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Observations on the 'Final Report' of ARCIC
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Dated: 27 Mar. 1982
Type: Responses to Agreed Statements
Collection: ARCIC-I

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27 Mar. 1982
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Quam Praefectus Sacrae Congregationis pro Doctrina Fidei Em.mus P. D.
Iosephus Cardinalis Ratzinger, ob editam relationem finalem a Commissione, cui
vulgo nomen « Anglican Roman Catholic International Commission » (ARCIC),
compraesidi eiusdem Commissionis, R. P. D. Alano C. Clark, episcopo Angliae
Orientalis, die 27 Martii 1982 scripsit.

27 March 1982

My Lord Bishop,

After twelve years of work together, the Anglican Roman Catholic International
Commission (ARCIC), composed of bishops and theologians appointed by both
Communions, sent to their respective authorities a Final Report which sets forth
the results obtained, through their theological research and continued prayer,
on the important questions of Eucharistic doctrine, ministry and ordination, and
authority in the Church.

At the request of the Holy Father, the Sacred Congregation for the Doctrine of
the Faith has studied the ARCIC Final Report, and believes that it is an
important ecumenical event which constitutes a significant step towards
reconciliation between the Anglican Communion and the Catholic Church.

In the same spirit of sincerity that marks the work of ARCIC, and with the
desire to contribute to that clarity so indispensable for genuine dialogue, the
Congregation must also express its view that it is not yet possible to say that
an agreement which is truly « substantial » has been reached on the totality of
the questions studied by the Commission.

In effect, as the Report itself indicates, there are several points, held as
dogmas by the Catholic Church, which are not able to be accepted as such, or are
able to be accepted only in part, by our Anglican brethren. Furthermore, some
formulations in the ARCIC Report can still give rise to divergent
interpretations, while others do not seem able to be easily reconciled with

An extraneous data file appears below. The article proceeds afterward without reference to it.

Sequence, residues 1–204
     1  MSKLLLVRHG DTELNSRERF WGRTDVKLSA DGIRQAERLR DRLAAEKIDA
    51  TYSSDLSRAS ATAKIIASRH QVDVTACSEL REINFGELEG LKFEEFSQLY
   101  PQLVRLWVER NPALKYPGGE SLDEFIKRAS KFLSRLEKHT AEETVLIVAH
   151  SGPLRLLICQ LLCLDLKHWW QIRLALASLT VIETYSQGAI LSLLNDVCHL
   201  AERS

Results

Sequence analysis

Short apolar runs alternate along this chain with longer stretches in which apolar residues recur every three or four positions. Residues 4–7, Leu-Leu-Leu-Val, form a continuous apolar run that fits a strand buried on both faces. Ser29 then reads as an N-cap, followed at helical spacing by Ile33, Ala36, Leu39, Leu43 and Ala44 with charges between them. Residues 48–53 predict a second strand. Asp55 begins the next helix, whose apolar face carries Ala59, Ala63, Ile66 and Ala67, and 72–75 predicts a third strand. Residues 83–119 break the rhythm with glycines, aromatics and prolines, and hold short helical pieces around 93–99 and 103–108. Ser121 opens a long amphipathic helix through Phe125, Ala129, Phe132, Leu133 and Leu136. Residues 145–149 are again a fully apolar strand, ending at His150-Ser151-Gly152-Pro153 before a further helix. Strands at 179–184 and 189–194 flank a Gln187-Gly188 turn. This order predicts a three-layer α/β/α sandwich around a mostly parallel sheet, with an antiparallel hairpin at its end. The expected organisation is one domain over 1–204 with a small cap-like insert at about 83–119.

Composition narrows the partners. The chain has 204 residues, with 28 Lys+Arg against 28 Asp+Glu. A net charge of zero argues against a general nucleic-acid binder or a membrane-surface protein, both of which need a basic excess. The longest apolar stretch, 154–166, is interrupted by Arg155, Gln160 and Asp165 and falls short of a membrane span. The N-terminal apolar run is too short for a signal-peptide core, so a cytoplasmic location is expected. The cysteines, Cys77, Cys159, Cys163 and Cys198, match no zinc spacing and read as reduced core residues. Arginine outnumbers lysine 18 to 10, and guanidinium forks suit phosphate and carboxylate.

Catholic doctrine. Finally, while recognizing that the mixed Commission was
legitimately limited to essential questions which have been the focus of serious
differences between our two Communions in the past, one should note that other
questions must be examined as well, together and in the same spirit, in order to
arrive at a definitive agreement capable of guaranteeing true reconciliation.

This is why, in the judgement of our Congregation, everything should be done to
ensure that the dialogue so happily undertaken continue, that there be further
study, especially of the points where the results obtained thus far require it,
and that this study be extended to other questions indispensable for the
restoration of the ecclesial unity willed by our Lord.

The Congregation for the Doctrine of the Faith, therefore, will send detailed
observations about the ARCIC Final Report to all of the Episcopal Conferences,
as its contribution to the continuation of this dialogue.

United with you in prayer that the Holy Spirit may inspire and guide our common
efforts so that « they all may be perfectly one » (Jn 17,21 and 23), I am

Sincerely yours in Christ,

Joseph Card. Ratzinger

AAS 74 (1982), 1060-1061.


Animadversiones quas Sacra Congregatio pro Doctrina Fidei, de mandato SS.mi
super enuntiatis ultimis Commissionis vulgo ARCIC cognominatae, de Eucharistica
doctrina, de sacris Ordinibus atque de subiecto auctoritatis in Ecclesia,
exaravit et omnibus Conferentiis Episcoporum die 2 Aprilis transmisit.

27 March 1982

Observations on the ‘Final Report’ of ARCIC

A) Overall Evaluation

1) Positive aspects
2) Negative aspects

B) Doctrinal Difficulties

I. Eucharist

1) Eucharist as Sacrifice
2) Real Presence
3) Reservation and Adoration of the Eucharist

II. Ministry and Ordination

1) Ministerial Priesthood
2) Sacramentality and Ordination
3) Ordination of Women

III. Authority in the Church

1) Interpretation of the Petrine Texts of the New Testament
2) The Primacy and Jurisdiction of the Bishop of Rome
3) Infallibility and Indefectibility
4) General Councils
5) “Reception”

C) Other Points in view of Future Dialogue

1) Apostolic succession
2) Moral Teaching

D) Final Remarks


The Co-Chairmen of the Anglican Roman Catholic International Commission (ARCIC) sent
to His Holiness, Pope John Paul II, the Final Report of twelve years of the